Things get even more scandalous: It turns out that the woman’s marital history is unusual at best: She has been married five times and seems to currently be living common-law with a sixth man. Traditionally scholars assumed she has been living in adultery, thoughtlessly jumping from one marriage to another. But other research suggests that she may have been the victim of a combination of husbands passing away and/or husbands issuing her a certificate of divorce if they were dissatisfied with her (perhaps she is unable to bear children). We don’t know for sure, but, whatever her past, she seems to currently be in a sad, less-than-ideal situation.

We’re told Jesus knows all this ahead of time. Maybe a local had been chatting with Jesus when they both saw the woman approach and he warned Jesus not to become the woman’s sixth husband! I personally think Jesus in His divinity simply recognizes this woman as she approaches the well.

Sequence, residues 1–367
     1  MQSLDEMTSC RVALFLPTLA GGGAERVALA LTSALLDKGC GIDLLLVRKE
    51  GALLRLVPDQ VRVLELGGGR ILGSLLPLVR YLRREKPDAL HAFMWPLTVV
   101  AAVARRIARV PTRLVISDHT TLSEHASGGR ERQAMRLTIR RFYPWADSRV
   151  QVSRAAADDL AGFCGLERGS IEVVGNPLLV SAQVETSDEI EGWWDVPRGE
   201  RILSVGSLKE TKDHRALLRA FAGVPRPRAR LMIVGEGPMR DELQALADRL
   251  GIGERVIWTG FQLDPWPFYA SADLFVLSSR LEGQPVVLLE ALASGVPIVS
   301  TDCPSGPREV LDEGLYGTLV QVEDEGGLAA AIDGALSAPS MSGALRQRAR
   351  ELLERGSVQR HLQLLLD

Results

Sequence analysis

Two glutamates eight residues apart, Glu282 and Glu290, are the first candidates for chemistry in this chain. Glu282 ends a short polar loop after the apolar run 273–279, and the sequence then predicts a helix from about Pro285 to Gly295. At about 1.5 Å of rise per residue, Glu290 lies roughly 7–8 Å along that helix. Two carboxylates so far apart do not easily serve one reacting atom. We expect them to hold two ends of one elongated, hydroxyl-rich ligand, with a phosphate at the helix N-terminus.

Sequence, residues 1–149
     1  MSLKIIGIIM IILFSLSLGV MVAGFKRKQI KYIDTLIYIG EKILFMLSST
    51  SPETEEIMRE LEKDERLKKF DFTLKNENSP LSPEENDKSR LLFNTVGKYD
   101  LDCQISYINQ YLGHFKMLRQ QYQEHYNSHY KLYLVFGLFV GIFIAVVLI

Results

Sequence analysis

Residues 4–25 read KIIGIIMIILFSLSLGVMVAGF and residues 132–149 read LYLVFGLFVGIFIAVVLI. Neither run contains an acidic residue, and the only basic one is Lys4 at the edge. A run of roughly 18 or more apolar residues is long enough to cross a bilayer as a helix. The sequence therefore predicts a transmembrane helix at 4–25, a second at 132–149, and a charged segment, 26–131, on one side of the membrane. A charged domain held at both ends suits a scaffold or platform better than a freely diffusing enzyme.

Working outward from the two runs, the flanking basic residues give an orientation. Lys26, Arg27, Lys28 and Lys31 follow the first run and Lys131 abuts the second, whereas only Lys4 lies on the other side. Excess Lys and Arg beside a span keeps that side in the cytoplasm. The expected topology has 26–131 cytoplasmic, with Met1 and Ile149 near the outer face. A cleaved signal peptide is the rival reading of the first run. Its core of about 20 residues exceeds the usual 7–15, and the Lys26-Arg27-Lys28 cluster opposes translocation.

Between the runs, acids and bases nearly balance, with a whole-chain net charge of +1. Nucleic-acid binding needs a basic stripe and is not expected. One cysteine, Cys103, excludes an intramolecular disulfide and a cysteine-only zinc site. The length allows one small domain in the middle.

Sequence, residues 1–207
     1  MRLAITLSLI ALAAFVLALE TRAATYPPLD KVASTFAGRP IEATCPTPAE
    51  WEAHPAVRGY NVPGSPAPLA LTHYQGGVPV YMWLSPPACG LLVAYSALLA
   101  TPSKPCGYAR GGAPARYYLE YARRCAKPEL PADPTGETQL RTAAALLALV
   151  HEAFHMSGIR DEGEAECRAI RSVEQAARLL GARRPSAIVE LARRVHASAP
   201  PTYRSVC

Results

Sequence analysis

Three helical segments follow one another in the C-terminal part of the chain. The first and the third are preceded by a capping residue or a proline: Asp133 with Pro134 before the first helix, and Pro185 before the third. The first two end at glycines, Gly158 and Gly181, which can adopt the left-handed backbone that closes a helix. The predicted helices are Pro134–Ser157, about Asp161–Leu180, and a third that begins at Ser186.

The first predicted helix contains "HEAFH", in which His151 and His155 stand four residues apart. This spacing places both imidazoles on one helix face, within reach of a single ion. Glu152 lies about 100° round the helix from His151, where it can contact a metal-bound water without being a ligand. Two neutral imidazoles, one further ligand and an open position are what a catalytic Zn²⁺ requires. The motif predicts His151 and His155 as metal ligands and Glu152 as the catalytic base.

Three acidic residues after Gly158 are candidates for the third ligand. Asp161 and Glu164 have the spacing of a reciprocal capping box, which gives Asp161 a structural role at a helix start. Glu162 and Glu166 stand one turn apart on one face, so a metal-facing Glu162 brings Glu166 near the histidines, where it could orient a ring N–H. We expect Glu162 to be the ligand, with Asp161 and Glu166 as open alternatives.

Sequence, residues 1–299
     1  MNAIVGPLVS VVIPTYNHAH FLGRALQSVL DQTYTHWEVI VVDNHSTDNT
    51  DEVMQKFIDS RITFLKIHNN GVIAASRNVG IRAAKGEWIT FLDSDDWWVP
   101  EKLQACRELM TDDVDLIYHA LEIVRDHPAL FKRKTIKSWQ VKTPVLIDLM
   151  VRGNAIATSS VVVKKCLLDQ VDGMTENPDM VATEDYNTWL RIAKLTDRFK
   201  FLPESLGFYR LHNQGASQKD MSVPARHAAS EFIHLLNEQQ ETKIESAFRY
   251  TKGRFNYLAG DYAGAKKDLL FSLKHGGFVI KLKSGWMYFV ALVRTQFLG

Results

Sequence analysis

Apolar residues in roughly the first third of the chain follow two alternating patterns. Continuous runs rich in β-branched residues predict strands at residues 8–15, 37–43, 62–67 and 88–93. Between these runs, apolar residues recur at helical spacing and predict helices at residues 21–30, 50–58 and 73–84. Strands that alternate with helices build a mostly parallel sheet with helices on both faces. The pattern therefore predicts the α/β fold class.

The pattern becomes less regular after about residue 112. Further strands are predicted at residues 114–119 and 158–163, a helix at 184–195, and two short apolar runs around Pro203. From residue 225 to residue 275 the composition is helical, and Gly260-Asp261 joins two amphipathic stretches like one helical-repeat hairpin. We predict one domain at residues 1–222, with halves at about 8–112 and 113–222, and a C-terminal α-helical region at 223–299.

Regardless, Jesus knows this woman’s sad story of multiple marriages and non-ideal circumstances. I see grace in how Jesus still offers her the gift of living water despite her background and dubious past. As Prof. Darrell W. Johnson pointed out in the course I took last spring at Regent College on the Gospel of John, this story proves how my problems are neither a surprise nor an obstacle for Jesus. He invites me to own up to them and find healing in Him.

Jesus speaks of people worshiping in the Spirit and truth. I can be truthful with myself and with Jesus about what’s wrong and what’s hurting in my life. There’s no point in hiding it – He already knows. The amazing thing is that He also cares and is powerful enough to address my problems. His living water – the gift of His Holy Spirit – is still for me.